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Texas Legislature Again Considers Ban on Texting While Driving

Victims and the families of victims injured or killed in distracted driving wrecks met with state lawmakers in Austin on Thursday to support legislation banning texting and driving in Texas. The legislation-House Bill 62 and Senate Bill 31-mark the fifth time bills have been filed to ban using a phone while driving in Texas.

If it becomes law, this legislation would make it a misdemeanor to use a “wireless communication device” for “electronic messaging” while driving, punishable by a fine of $25 to $99 for the first offense and punishable by a fine of $100 to $200 for repeat offenses. It is already a misdemeanor in Texas for drivers 18 years old or younger to use a “wireless communication device” for texting or otherwise while driving. The legislation would allow the use of “hands-free devices” as they are defined under the statute.

Texas is one of only four states where it is legal for an adult to text while driving, but it is not for the lack of trying on the part of many Texas legislators. State Senator Judith Zaffirini, D-Laredo, has introduced the bill in each session since 2009, and former Speaker Tom Craddick, R-Midland, has introduced the bill in the House in each session since 2011. In 2011, the bill passed both houses of the Legislature, but was vetoed by then-Governor Rick Perry, who said the bill was a “government effort to micromanage the behavior of adults.” In 2015, the last time it was filed, the bill passed the House but fell one vote short of the 19 (newly-lowered from 21) necessary to bring the bill to debate under Senate rules. Representative Gene Wu of Houston, who helped draft one of the bills, said, “It is outrageous that our state cannot do something as simple as dealing with distracted drivers.” Gov. Greg Abbott has not said whether he would sign the bill if it comes to his desk, but said in 2015 that he would “give it the deep consideration it deserves.”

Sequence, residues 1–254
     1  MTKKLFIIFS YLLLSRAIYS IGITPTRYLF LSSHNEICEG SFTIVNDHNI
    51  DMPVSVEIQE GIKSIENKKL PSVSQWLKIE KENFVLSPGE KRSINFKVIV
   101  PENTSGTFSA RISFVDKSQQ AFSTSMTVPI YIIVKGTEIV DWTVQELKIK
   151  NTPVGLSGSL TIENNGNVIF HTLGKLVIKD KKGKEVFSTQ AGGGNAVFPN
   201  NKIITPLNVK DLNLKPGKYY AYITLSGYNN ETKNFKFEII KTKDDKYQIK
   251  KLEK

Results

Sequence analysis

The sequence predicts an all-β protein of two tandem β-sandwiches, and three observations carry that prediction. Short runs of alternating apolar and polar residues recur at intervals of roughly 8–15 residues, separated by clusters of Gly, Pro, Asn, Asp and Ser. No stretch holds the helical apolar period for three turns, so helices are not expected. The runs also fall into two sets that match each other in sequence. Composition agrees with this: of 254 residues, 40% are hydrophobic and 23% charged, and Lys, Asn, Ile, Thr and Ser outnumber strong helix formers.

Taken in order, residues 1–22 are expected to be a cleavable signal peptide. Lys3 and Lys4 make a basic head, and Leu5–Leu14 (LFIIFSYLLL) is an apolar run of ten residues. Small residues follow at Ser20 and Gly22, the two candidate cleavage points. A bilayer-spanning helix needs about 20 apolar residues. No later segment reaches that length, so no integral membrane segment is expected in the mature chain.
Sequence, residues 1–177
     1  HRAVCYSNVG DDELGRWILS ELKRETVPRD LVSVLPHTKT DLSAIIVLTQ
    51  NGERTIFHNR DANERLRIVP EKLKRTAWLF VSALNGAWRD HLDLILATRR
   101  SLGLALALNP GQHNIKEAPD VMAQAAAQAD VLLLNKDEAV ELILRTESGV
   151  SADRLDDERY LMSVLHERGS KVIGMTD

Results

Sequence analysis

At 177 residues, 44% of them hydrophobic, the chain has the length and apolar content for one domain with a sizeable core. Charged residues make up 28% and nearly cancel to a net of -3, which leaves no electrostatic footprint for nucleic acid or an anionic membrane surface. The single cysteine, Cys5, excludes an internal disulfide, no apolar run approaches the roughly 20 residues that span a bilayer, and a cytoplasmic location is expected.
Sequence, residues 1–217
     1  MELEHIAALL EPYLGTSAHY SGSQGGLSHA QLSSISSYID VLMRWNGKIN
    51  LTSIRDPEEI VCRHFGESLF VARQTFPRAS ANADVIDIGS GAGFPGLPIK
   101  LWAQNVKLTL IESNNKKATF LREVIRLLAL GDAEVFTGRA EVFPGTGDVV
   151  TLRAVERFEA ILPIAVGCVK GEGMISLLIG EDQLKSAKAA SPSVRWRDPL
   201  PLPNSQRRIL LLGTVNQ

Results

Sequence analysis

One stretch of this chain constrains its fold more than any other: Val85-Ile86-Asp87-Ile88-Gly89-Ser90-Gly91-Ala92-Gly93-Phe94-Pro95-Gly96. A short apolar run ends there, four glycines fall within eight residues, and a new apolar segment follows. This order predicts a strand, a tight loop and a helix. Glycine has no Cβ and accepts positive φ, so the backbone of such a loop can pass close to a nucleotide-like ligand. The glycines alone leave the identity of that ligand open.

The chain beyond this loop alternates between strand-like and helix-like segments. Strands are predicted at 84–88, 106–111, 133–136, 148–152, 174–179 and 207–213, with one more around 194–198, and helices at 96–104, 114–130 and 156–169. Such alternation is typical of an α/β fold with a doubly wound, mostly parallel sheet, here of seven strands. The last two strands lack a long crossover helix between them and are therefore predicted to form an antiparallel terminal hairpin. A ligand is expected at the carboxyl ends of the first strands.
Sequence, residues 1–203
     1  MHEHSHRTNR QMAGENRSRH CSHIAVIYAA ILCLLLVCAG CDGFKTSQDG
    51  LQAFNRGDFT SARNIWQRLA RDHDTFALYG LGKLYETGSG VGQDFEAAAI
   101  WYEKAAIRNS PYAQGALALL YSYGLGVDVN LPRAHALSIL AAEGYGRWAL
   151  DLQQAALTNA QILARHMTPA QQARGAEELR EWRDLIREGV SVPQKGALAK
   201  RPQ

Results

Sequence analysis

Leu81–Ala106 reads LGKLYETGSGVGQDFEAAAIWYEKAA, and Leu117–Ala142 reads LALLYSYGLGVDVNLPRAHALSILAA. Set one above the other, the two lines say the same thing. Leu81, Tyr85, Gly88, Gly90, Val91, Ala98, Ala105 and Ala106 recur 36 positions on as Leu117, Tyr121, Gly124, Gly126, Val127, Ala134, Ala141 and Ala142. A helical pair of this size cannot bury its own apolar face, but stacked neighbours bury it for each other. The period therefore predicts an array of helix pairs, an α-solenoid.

According to the National Highway Traffic Safety Administration, 10 percent of fatal crashes, 18 percent of injury crashes, and 16 percent of all police-reported crashes in 2014 were reported as “distraction-affected crashes.” Crashes involving distracted drivers claimed the lives of 3,179 people in the United States in 2014 and injured an estimated additional 431,000. According to the Texas Department of Transportation, 476 people were killed in Texas in 2015 in crashes involving distracted driving.

If you or someone you know has been injured in a distracted driving crash, contact an attorney at Abraham, Watkins, Nichols, Agosto, Aziz & Stogner by calling 713-396-3964 or toll free at 800-594-4884.

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